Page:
If anything, PIERROT LE FOU is made such a good movie by its actors, both Jean-Paul Belmondo whose excellent performance we have also seen in BREATHLESS and Anna Karina whom we have seen in many movies, especially BAND OF OUTSIDERS and MY LIFE TO LIVE, one of my favourite Godard movies.

PIERROT LE FOU is about a guy and his so-called girlfriend, who is quite sick of a boring life and seeks adventure. They are free spirits and could not stand Jules Vernes for long and had to go for a gangster movie once in a while. The ending is tragic but is befitting. The film techniques is, ermmm, technical, employing strong primary colours, uses of cuts, repetitive dialogue, looking at the camera and talking to the audience (not as subtle as the final scene in Truffaut’s 400 BLOWS but is also very effective), etc. On the latter, i.e. looking at the audience, it is somehow effective, for example, in a scene, Belmondo is looking at the camera and talking and Karina asked him what he is doing and the effect is that they are conscious of an audience watching them and the audience is made conscious that the actors on the screen knows that someone is watching them and listening to what they are saying. This is especially so when they are on the run from the law.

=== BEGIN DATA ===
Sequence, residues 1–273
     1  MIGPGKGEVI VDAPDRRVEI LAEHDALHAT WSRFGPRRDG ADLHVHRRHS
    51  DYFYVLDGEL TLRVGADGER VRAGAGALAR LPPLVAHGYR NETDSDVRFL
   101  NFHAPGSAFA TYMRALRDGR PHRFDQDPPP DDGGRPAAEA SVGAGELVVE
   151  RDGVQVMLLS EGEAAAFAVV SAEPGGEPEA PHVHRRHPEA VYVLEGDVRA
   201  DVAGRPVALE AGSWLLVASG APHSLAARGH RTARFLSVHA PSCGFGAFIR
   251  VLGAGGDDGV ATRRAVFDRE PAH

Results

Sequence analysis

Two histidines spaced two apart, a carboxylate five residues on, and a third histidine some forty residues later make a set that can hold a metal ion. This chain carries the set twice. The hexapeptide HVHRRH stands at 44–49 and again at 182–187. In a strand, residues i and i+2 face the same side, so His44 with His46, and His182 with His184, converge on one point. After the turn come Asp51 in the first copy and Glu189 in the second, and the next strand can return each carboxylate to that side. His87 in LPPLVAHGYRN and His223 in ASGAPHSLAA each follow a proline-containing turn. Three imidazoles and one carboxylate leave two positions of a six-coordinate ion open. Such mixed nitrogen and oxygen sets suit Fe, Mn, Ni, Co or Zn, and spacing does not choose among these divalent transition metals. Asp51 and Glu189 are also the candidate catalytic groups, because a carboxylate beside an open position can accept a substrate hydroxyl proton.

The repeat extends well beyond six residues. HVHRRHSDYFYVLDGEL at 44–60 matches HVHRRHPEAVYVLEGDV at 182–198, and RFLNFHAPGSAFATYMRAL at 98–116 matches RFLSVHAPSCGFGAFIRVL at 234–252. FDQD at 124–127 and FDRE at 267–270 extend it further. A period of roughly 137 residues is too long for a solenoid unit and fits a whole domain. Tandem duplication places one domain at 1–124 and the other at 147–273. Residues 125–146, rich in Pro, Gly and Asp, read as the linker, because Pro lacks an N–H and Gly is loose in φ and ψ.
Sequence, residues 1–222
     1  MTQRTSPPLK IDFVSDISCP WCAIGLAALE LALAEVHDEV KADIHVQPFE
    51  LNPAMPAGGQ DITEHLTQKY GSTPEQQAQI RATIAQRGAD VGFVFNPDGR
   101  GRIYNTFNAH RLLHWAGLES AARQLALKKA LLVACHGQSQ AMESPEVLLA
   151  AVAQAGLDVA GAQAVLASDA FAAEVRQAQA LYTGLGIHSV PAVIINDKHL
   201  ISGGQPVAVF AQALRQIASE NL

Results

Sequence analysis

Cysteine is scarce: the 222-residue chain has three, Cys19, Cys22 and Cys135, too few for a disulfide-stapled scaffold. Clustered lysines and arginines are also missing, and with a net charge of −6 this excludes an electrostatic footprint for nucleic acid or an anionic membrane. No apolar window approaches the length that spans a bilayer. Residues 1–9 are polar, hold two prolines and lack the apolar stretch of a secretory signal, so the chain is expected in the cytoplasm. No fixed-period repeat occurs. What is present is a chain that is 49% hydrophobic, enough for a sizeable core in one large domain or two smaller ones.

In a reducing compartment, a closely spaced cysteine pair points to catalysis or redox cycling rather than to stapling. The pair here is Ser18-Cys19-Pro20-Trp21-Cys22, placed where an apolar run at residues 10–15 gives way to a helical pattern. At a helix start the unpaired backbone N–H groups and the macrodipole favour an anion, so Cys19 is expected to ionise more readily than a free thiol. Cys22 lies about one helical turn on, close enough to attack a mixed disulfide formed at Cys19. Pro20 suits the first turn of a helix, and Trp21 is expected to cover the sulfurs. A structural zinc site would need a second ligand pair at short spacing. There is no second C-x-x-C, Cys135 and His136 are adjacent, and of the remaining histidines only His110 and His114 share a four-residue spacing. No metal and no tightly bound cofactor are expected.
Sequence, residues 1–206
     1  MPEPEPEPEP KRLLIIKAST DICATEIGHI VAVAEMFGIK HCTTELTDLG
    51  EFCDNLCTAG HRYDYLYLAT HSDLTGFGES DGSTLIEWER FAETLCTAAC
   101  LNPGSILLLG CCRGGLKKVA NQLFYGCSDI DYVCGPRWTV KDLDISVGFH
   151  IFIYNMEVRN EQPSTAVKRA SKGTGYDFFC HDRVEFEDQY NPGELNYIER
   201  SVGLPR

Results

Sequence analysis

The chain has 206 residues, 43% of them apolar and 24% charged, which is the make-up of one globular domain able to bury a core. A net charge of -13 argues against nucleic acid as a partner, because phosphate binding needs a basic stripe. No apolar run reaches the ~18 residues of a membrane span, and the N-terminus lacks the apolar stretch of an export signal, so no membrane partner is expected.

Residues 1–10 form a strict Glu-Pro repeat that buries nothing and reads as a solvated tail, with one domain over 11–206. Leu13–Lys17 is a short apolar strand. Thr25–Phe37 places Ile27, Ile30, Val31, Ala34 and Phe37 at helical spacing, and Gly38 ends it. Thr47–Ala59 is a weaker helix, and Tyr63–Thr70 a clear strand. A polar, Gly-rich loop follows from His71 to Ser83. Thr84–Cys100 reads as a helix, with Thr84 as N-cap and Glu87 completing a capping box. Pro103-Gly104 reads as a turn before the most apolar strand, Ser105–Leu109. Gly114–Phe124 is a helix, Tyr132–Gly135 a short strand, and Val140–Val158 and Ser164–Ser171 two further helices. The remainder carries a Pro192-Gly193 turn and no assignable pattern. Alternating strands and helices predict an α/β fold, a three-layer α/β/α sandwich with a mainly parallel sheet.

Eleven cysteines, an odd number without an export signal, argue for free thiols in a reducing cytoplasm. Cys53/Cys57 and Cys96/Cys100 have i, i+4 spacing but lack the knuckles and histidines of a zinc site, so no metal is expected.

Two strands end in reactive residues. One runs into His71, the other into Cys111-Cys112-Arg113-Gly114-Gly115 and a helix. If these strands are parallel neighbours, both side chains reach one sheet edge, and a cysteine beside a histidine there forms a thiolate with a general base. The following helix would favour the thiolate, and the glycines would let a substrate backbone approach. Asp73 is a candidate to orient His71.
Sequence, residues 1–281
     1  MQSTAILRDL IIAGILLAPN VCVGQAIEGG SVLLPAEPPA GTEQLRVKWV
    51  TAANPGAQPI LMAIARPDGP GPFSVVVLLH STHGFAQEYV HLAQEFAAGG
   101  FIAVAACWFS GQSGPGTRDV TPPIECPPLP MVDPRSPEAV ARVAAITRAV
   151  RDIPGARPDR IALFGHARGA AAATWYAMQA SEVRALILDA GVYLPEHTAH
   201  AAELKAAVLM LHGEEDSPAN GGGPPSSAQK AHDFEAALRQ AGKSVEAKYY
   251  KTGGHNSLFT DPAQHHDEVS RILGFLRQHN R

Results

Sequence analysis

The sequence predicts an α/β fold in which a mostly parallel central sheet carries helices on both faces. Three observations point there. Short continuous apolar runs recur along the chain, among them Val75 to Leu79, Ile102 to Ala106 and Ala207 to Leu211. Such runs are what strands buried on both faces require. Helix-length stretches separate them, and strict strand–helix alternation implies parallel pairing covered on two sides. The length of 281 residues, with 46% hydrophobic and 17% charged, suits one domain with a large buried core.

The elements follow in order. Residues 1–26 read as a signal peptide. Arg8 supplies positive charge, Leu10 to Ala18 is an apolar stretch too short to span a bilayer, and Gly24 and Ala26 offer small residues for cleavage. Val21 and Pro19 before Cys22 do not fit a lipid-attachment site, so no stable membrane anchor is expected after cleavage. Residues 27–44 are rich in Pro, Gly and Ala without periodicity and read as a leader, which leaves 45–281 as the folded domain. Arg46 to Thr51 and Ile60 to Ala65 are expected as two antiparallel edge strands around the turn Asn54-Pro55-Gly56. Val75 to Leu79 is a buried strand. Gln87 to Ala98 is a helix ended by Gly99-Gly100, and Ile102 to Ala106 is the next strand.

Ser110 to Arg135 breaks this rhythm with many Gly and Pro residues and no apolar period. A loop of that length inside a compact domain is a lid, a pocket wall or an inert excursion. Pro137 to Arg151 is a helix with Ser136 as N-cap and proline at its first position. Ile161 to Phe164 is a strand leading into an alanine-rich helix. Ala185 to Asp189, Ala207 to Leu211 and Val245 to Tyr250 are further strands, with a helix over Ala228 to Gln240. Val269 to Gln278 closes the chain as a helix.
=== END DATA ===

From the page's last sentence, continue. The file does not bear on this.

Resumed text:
PIERROT LE FOU is really a celebration of cinema. One feels happy after watching the movie, and as Gabo felt after reading Kafka’s THE METAMORPHOSIS where he suddenly realized that novels can be written in that way, after watching PIERROT LE FOU, one also realizes that “oh, movies can also be made like this”.

A gem and masterpiece indeed.

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Other Going-Ons

Perhaps it is true that I am blogging too much about Go, which of course is not a bad thing, but the fact is that for a Jack of All Trades like myself, there are other things that is happening that I would also like to talk about or update. My geeky friend (as I have called her since the first time I wrote on this blog) who is now in Hong Kong already complained that this blog of mine is becoming a blog exclusively about Go! Where did all the movies go? That is true.

Anyways, for a fact, I have not spent time exclusively on Go, which explains why I am still so bad at that game. Perhaps a short update on recent activities is due?

Non-Go related book that I am currently reading:

Gabriel Garcia Marquez: A Life by Gerald Martin.

I have been quite a fan of Gabo (as he is affectionately called) and I wonder who wouldn’t if they have spent some time reading such works as ONE HUNDRED YEARS OF SOLITUDE and LOVE IN THE TIME OF CHOLERA.